5-6 months ago, a friend sent me a book, Kevin Orlin Johnson's Why Do Catholics Do That?. Like most Protestants, this question had crossed my mind many, many times. Unfortunately, like most Protestants, I realized I had never bothered to find an answer.

I tore through the book. I read Karl Keating's Catholicism and Fundamentalism. I began realizing that most of my arguments about Catholicism were based on misunderstandings. No, they don't really worship Mary, or any other saints, or the pope. If my spiritual framework had trembled a bit after the conversation with an Orthodox priest, it was now beginning to quake violently.

So, sitting amidst the shattered remnants of Solas, I find myself more ardently seeking God's direction than ever before. I've graduated with my undergraduate degree, and I was ready to head right on to a Protestant seminary to work on an M.Div.

I am not a member of the Roman Catholic Church. I never have been, and I cannot say whether I will or will not be Catholic in the future. But, for the first time in my life, I cannot give a "certain" no to the question,

Will I enter communion with Rome?

What's with the Title?

Having started many blogs in my time (even before I realized they were called "blogs"), the earliest of which dates back to my extremely angsty, narcissistic, and confused ramblings of high school, I realize that one of the keys to a good blogging experience is a catchy name. Something athletic for the sports blogger. Something poetic for the literature blogger. Something...angsty and un-understood for the high school-ish emo-would-be blogger (as I once was).

I have many thoughts (though few are profound), and writing helps me chew them up, mull it all over. If I can write out these ruminations, I'll post them on a blog, and complete strangers can comment on them.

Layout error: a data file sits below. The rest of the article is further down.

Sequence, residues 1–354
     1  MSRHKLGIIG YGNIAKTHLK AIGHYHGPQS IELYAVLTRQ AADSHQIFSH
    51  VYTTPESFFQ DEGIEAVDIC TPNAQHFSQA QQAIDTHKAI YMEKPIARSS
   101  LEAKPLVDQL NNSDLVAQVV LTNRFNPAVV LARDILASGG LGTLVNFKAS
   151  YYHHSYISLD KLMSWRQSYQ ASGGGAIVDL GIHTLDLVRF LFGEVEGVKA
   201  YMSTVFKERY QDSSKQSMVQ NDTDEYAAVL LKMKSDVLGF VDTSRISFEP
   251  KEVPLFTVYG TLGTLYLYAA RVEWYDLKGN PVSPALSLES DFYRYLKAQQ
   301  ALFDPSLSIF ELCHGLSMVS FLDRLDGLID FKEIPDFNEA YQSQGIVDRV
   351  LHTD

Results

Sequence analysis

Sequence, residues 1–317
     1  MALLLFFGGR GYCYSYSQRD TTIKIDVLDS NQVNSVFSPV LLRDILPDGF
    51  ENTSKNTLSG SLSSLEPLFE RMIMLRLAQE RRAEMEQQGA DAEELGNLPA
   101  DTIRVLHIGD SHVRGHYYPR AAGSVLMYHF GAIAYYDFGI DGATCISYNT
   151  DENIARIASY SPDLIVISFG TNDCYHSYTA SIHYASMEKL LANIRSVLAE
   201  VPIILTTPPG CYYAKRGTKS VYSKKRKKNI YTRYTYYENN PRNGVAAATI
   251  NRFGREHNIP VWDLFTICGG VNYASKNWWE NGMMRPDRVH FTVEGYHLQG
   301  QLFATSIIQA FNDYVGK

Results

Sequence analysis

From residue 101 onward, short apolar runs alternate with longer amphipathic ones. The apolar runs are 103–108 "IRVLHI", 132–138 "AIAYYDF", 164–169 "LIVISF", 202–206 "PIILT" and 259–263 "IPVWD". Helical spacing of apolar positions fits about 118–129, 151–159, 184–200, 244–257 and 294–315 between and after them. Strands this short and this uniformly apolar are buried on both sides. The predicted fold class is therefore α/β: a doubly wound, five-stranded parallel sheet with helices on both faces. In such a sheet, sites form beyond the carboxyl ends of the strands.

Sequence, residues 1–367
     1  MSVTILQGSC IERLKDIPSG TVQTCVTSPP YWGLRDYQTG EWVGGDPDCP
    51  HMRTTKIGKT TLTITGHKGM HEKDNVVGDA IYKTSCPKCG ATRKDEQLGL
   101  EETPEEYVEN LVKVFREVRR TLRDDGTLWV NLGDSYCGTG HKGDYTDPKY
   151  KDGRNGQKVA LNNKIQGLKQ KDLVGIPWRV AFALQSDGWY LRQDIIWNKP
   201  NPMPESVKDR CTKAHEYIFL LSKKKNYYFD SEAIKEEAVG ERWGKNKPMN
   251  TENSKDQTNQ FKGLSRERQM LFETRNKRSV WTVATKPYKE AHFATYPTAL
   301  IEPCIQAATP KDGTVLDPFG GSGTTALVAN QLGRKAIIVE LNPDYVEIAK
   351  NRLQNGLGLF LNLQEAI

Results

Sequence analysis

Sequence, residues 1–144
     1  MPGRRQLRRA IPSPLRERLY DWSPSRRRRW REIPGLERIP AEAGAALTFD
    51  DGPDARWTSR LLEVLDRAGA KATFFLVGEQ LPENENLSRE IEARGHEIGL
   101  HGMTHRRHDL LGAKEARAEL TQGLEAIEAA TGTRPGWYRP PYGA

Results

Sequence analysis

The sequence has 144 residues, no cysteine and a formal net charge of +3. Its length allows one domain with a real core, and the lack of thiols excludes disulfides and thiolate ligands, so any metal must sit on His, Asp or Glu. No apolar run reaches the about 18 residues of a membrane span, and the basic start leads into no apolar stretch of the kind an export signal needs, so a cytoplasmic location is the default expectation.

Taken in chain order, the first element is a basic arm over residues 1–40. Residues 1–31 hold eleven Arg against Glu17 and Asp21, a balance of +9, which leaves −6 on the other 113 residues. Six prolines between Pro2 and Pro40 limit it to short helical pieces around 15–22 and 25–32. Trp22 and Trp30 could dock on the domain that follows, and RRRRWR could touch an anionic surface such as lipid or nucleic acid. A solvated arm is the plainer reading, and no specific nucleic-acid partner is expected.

This was my revelation a few months ago, but I couldn't think of a name. Well, I have thought of a name (and that's why you can read this, of course). "in the silence and the thunder" is the title. It's taken from this poem:

"In the Silence and in the Thunder"
I desire a relationship with God,
Yet more greatly does He desire such with me.
I desire to seek real Truth, unchained by all our earthly fallacies,
Yet more greatly does He work to reveal it.
I want to find Him in prayer, in meditation,
in community, in solitude,
in happiness and in sorrow, rejoicing and grief.
In the silence and in the thunder.

To gaze upon gilded plaster and allow Him to transcend the gap I cannot cross.
To enter those "sermons in stone" and gaze into the Face of the One to Whom they point and know in my mind,
believe in my heart,
and speak with my spirit, mouth, and life that truth, that love, eternally echoed by the heavenly choir,
"Sanctus. Sanctus. Sanctus."

And hear Him in the silence and in the thunder.

This poem is a very brief expression of some recent changes in my journey to serve God. I hope you'll enjoy my take on things and offer some feedback. For example, if you see a huge logical error in something, let me know (kindly, please). If you think you have a book I'd enjoy, recommend it. If you want me to share a prayer request, testimony, or humorous anecdote, let me know. We'll see how it goes.